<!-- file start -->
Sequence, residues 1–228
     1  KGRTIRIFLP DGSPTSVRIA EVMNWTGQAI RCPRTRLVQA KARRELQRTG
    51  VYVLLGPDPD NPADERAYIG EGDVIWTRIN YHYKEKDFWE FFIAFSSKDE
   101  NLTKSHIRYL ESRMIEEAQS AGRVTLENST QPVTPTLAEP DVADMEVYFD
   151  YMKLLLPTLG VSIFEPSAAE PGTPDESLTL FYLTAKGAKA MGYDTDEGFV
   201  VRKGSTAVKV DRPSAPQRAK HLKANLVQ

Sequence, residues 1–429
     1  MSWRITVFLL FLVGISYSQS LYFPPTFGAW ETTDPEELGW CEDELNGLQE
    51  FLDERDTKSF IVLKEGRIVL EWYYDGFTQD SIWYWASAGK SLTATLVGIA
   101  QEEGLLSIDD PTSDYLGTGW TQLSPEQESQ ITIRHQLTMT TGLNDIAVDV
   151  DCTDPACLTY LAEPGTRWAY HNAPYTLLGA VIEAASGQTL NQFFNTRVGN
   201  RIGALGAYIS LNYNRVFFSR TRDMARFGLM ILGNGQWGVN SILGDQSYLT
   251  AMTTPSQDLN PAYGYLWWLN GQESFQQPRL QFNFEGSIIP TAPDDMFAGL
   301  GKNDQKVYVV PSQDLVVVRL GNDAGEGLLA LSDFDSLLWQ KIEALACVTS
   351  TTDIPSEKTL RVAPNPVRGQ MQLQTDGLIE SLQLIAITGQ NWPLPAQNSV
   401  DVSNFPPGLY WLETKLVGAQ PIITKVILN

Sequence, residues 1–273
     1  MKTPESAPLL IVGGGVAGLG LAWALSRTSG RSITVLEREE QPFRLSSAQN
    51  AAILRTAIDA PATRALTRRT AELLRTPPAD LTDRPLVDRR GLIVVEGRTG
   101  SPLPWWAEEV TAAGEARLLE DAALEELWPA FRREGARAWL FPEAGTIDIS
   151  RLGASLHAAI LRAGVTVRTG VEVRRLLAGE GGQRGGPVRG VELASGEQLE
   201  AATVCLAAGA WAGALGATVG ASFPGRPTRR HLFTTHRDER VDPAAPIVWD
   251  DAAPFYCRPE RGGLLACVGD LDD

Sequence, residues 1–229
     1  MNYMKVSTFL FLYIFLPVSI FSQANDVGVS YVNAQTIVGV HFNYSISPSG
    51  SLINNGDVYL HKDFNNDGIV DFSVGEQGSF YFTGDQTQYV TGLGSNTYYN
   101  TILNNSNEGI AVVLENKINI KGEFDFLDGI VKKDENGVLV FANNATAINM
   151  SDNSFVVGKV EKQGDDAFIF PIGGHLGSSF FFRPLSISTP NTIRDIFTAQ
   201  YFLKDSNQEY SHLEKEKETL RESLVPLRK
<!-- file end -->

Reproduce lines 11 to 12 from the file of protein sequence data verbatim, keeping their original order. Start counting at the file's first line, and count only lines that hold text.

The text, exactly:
   151  DCTDPACLTY LAEPGTRWAY HNAPYTLLGA VIEAASGQTL NQFFNTRVGN
   201  RIGALGAYIS LNYNRVFFSR TRDMARFGLM ILGNGQWGVN SILGDQSYLT